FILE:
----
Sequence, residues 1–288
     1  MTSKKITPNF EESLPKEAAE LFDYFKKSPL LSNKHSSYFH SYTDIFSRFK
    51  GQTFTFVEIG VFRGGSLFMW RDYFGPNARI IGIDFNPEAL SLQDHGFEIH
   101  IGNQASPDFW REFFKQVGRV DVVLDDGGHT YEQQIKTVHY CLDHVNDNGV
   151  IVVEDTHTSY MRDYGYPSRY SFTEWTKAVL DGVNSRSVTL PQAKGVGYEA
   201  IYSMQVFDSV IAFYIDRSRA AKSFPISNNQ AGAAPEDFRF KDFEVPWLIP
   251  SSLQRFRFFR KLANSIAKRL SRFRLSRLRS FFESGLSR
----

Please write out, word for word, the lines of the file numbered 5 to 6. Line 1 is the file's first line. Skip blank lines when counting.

   151  IVVEDTHTSY MRDYGYPSRY SFTEWTKAVL DGVNSRSVTL PQAKGVGYEA
   201  IYSMQVFDSV IAFYIDRSRA AKSFPISNNQ AGAAPEDFRF KDFEVPWLIP